So, is there "normal" or average within the "abnormal"? You bet there is. It is not only people with BPD that have problems or issues or difficulties in relationships. NO. You cannot go on doing yourself the disservice of such focus on your brokenness or personality disorder that you fail to see your humanity. Within the context of humanity and what it is and means to be human there is much that could be labeled "abnormal." Having BPD means that you have a challenge that some others don't have. It does not mean that you are damaged goods, unworthy, unloveable, undeserving or some how generally "less than," NO! NOT AT ALL!!!

Make room in your life and in your perception and experience today for the reality that you are on a journey and that upon your journey you DO fit in, you are a part, a part of the main, that is and makes up humanity.

Normal, abnormal, healthy, unhealthy, good, bad, and so on are all polarities. Life does not have to be lived or contemplated in extremes. Personality disorder or not, there is all of the aforementioned in the experience of what it is to be human.

The space in which the "normal" is experienced within the "abnormal" is your journey toward being who you authentically are. The "abnormal" is not necessarily so abnormal. Something can only be "abnormal" when someone has defined and judged and perceived it as such. There is a lot of average to be held and felt and experienced in your life whether you have BPD or not.

It's time to think less about those who do not have a personality disorder being "more than" and time to think less about those with a personality disorder as being "less than" and it is definitely time to think MORE about all that it is and all that means to be in flux within (or slightly on the outside) of what the world calls "average." After all, average can no more be an objective reality than anything else in life.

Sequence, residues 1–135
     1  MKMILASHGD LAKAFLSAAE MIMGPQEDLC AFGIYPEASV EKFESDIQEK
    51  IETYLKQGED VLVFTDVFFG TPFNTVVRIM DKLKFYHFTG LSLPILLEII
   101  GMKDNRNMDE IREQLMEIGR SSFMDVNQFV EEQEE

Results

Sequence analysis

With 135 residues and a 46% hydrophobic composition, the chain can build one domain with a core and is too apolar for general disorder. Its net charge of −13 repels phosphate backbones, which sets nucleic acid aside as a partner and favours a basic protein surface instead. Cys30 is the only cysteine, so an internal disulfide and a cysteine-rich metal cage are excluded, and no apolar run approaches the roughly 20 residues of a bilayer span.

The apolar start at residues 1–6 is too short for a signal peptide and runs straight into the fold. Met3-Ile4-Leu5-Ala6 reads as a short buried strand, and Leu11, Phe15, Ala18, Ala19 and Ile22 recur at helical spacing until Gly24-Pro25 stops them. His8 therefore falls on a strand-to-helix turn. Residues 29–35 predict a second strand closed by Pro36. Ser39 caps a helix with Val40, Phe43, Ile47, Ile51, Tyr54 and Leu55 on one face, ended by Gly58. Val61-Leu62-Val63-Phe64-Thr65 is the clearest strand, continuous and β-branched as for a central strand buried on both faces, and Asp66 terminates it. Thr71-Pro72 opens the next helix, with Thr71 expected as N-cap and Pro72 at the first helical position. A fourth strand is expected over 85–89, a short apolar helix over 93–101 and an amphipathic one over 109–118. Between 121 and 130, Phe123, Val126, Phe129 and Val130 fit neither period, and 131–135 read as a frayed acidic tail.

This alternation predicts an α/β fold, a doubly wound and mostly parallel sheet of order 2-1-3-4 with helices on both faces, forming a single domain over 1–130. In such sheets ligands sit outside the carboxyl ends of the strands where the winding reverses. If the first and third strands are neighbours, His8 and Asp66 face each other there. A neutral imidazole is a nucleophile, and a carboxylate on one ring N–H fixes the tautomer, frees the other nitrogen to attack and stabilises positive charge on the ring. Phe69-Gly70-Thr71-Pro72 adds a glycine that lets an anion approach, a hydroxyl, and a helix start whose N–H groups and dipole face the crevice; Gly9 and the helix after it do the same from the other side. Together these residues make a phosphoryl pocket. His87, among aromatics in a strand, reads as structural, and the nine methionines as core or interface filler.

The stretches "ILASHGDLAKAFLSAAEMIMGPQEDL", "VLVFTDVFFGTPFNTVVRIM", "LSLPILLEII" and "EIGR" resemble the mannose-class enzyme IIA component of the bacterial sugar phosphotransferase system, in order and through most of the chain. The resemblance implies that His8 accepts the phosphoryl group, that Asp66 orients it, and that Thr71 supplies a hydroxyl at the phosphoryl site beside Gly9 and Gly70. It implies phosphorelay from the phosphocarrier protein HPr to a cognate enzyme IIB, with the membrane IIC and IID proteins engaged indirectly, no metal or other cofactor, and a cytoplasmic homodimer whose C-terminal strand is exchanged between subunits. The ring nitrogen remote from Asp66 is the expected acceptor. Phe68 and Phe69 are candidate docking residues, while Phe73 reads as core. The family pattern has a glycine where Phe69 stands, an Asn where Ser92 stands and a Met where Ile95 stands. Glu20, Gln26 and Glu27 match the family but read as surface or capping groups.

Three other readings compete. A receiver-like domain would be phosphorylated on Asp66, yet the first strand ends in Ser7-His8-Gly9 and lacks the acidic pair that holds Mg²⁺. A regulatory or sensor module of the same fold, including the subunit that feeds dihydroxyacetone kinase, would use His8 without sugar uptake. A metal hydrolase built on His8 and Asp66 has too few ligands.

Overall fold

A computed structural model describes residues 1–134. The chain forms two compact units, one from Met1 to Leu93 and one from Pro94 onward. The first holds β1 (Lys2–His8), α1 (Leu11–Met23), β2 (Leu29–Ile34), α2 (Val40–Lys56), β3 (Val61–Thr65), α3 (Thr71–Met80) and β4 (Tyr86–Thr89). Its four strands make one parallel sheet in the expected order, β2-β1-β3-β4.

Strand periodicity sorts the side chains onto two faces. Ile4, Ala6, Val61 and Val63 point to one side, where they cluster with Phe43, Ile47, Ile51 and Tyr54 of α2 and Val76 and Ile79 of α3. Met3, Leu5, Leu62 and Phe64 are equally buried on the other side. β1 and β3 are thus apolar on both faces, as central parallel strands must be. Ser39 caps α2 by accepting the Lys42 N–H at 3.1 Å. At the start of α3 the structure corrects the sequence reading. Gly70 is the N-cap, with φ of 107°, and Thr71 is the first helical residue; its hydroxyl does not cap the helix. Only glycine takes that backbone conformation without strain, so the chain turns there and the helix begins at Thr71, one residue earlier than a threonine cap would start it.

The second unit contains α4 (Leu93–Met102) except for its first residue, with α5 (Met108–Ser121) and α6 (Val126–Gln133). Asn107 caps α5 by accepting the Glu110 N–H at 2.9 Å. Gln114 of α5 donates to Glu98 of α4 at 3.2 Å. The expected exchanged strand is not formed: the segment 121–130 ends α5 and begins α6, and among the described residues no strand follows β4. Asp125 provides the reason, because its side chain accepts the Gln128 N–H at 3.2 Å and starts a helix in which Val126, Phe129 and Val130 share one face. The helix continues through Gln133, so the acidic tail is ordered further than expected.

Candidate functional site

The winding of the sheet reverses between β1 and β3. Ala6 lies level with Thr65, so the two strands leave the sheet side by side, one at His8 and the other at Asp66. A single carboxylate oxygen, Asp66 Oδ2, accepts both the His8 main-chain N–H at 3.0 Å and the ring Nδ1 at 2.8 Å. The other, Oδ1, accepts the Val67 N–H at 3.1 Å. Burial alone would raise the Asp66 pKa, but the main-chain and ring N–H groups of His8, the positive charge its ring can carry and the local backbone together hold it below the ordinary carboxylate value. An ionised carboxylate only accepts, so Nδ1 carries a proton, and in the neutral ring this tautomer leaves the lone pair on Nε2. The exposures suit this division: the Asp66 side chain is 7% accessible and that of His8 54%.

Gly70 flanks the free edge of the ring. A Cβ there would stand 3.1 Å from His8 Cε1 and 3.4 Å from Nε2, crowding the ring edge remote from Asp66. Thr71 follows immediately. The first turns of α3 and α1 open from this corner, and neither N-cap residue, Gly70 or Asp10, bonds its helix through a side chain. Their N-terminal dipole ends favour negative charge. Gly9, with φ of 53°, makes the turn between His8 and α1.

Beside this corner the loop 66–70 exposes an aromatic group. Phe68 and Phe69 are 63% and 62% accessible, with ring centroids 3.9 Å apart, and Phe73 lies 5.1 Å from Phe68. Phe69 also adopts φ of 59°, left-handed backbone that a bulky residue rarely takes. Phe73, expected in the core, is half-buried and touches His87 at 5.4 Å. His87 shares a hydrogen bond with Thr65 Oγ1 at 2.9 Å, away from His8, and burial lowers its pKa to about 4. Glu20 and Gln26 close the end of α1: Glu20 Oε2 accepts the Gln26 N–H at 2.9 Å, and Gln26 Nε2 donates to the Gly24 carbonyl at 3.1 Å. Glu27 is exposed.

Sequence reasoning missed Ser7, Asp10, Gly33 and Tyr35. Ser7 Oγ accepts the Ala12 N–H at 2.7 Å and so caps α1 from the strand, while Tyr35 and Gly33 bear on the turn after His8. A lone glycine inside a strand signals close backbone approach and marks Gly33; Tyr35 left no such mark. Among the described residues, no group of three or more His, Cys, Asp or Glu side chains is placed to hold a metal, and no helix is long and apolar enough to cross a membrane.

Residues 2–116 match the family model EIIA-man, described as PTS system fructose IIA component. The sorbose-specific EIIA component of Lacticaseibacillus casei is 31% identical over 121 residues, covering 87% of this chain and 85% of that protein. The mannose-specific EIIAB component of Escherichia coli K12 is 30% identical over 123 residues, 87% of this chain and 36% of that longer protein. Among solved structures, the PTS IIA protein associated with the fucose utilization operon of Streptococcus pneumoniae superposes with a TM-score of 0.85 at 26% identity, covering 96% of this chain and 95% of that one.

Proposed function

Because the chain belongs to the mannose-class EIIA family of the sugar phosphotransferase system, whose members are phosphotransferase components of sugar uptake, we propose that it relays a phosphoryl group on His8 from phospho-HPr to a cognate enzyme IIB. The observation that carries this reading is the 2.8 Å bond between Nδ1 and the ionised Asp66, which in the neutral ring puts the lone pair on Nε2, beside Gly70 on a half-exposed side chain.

Subject yourself to a new way of thinking. Think beyond the label, beyond the diagnosis and beyond every action you take or thing you say and stop categorizing the sum total of who you are according to the label they've given you to wear.


© Ms. A.J. Mahari - April 11, 1999



Purchase all 3 of ebooks for NON BORDERLINES packaged together with or without audio.

Non Borderlines - You can purchase 6 ebooks packaged together with or without audio.

Those with BPD and/or Non Borderlines can purchase A.J. Mahari's 3 "Core Wound of Abandonment" series ebooks packaged together with or without audio.





BPD Coach A.J. Mahari



Phoenix Rising Life Coaching

BPD - Feeling Alone



The Legacy of Abandonment in Borderline Personality Disorder © A.J. Mahari 2006

The Legacy of Abandonment in Borderline Personality Disorder

The Abandoned Pain of Borderline Personality Disorder © A.J. Mahari 2006

The Abandoned Pain of Borderline Personality Disorder

Mindfulness and Radical Acceptance for Non Borderlines © A.J. Mahari 2006

The Lost Self in BPD



Break Free From the BPD Maze - Recovery For Non Borderlines Audio Program © A.J. Mahari 2006

The Lost Self in BPD

5 Bundle Set Ebooks - Core Wound In BPD © A.J. Mahari 2006

5 Bundle Set Ebooks - Core Wound In BPD

Adult Child of BPD Mother in Search For Closure Audio © A.J. Mahari 2006



A.J. Mahariís Thought Changing Affirmations 5 Volume Set © A.J. Mahari 2006

The Lost Self in BPD